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article imageTen unusual things about Mickey Mouse as he turns 88

By Tim Sandle     Nov 19, 2016 in Entertainment
The world's most famous rodent, across various media, is Mickey Mouse. This week the Walt Disney creation turns 88, and to mark this we review ten unusual facts about the cartoon star.
Mickey Mouse is the comical cartoon character created by Walt Disney and Ub Iwerks in 1928. He is also the official mascot of The Walt Disney Company. The image of Mickey Mouse is known worldwide, with the character typically attired in
red shorts, large yellow shoes, and white gloves. The mouse first appeared in a test screening called Plane Crazy; and this was followed by the feature Steamboat Willie, in 1928 (notably the world's first cartoon with synchronized sound.) To date the character has appeared in 130 films.
To mark the 88th birthday of the colorful character several media outlets have presented facts about Mickey. Here we select the more surprising and unusual entries.
Fact #1: Disney's voice
For Mickey's first major feature Steamboat Willie, the voice of Mickey was provided by Walt Disney himself.
Fact #2: The white gloves
Mickey Mouse did not initially wear his trademark white gloves. The character was first drawn wearing the gloves starting in a short video in Opry House released on March 28, 1929. The supposed reason Mickey and his cartoon cohorts wear white gloves is simple. It's so viewers can distinguish their hands when they were against their bodies.
Fact #3: Hollywood walk of fame
Mickey Mouse was the first cartoon character to have a star on the Hollywood Walk of Fame is Mickey Mouse. These event took place on November 18, 1978 (to mark his 50th anniversary.) Those wishing to view the star can do so at 6925 Hollywood Boulevard. In addition, Mickey received an entry in the Encyclopedia Britannica in 1934.
The Hollywood sign from a trail in the Hollywood Hills in Los Angeles.
The Hollywood sign from a trail in the Hollywood Hills in Los Angeles.
Oreos (CC BY-SA 3.0)
Fact #4: Mortimer Mouse
Walt Disney first named Mickey as "Mortimer Mouse"; however, the studio mogul decided against this following advice from his wife Lillian, who considered "Mortimer" to sound too arrogant. Mickey was selected because it reflected the intended qualities of humility and fun.
Fact #5: Oswald the Lucky Rabbit
While Mickey Mouse quickly became the symbol of Disney studios, Walt Disney originally intended for Oswald the Lucky Rabbit to be the signature cartoon animal. The reason Oswald did not transpire followed a trademark dispute with Universal pictures, since Walt Disney had created the character while working for Universal and just prior to forming his own movie studio.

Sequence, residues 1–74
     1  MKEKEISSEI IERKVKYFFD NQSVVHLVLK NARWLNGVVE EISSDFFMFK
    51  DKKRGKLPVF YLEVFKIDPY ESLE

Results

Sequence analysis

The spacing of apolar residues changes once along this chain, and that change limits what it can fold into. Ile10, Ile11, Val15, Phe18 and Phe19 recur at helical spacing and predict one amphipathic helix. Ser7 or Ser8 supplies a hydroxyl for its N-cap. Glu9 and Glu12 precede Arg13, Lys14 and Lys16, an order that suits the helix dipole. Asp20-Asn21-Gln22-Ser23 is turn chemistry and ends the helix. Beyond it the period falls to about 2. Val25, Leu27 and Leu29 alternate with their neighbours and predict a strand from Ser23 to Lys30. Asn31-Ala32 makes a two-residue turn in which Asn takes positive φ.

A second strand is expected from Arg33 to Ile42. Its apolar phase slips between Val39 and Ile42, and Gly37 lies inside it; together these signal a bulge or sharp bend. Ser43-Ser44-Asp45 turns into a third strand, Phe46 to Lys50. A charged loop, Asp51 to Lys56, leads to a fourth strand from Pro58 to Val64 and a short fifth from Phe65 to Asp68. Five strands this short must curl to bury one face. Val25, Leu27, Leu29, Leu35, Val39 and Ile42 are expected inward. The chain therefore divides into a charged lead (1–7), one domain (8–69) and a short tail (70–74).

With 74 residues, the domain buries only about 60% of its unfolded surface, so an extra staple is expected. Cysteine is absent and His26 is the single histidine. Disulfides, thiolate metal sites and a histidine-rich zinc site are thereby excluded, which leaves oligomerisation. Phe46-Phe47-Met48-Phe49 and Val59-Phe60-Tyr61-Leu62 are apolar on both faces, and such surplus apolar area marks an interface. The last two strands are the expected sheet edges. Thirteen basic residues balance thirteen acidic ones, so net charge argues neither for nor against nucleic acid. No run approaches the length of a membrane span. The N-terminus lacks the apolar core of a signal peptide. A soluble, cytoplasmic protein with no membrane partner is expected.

Screenshot of Mickey Mouse from the short film Fantasia
Screenshot of Mickey Mouse from the short film Fantasia
Wikipedia / Creative Commons
Fact #6: Mickey married Minnie
No cartoon involving Mickey Mouse has ever established whether Mickey was married to Minnie. However, Walt Disney revealed, during an interview in 1933, that: "in private life, Mickey is married to Minnie... What it really amounts to is that Minnie is, for screen purposes, his leading lady."
Fact #7: Walt Disney owes his Oscar to Mickey
In 1932 Walt Disney was awarded an honorary Academy Award in 1932 for the creation of Mickey Mouse. On receiving the award, Walt Disney said: "I only hope that we never lose sight of one thing—that it was all started by a mouse."
A porcelain Mickey Mouse figurine found by farmers near the Auschwitz death camp in Poland
A porcelain Mickey Mouse figurine found by farmers near the Auschwitz death camp in Poland
Ivo Kopijasz, Foundation of Memory Sites near Auschwitz-Birkenau/AFP
Fact #8: Mickey Mouse was based on Charlie Chaplin
Walt Disney once said silent film star Charlie Chaplin was an inspiration for Mickey Mouse. Here the movie mogul stated: "We wanted something appealing, and we thought of a tiny bit of a mouse that would have something of the wistfulness of Chaplin... a little fellow trying to do the best he could."
Charlie Chaplin
Charlie Chaplin
Fact #9: Mickey is in the Smithsonian
To celebrate Mickey's 60th birthday in 1988, the Smithsonian Institution received six original animation drawings from Steamboat Willie and placed them in the National Museum of American History. Since then other archival material has been added.
Fact #10: Mickey the protest vote
In U.S. elections writing in "Mickey Mouse" is the most popular choice, over many years, when people wish to protest against the candidates on offer. This tallies with general slang, where the mouse's name is used often to represent small-time, amateurish or trivial. The earliest known mention of Mickey Mouse as a write-in candidate dates back to the 1932 New York City mayoral elections, in which Mickey and Al Capone received one vote each.
Ten facts to mark Mickey Mouse's 88th birthday, illustrating the projection of the character into a varied array of aspects of social life.
More about Mickey mouse, Disney, Cartoon, Animation
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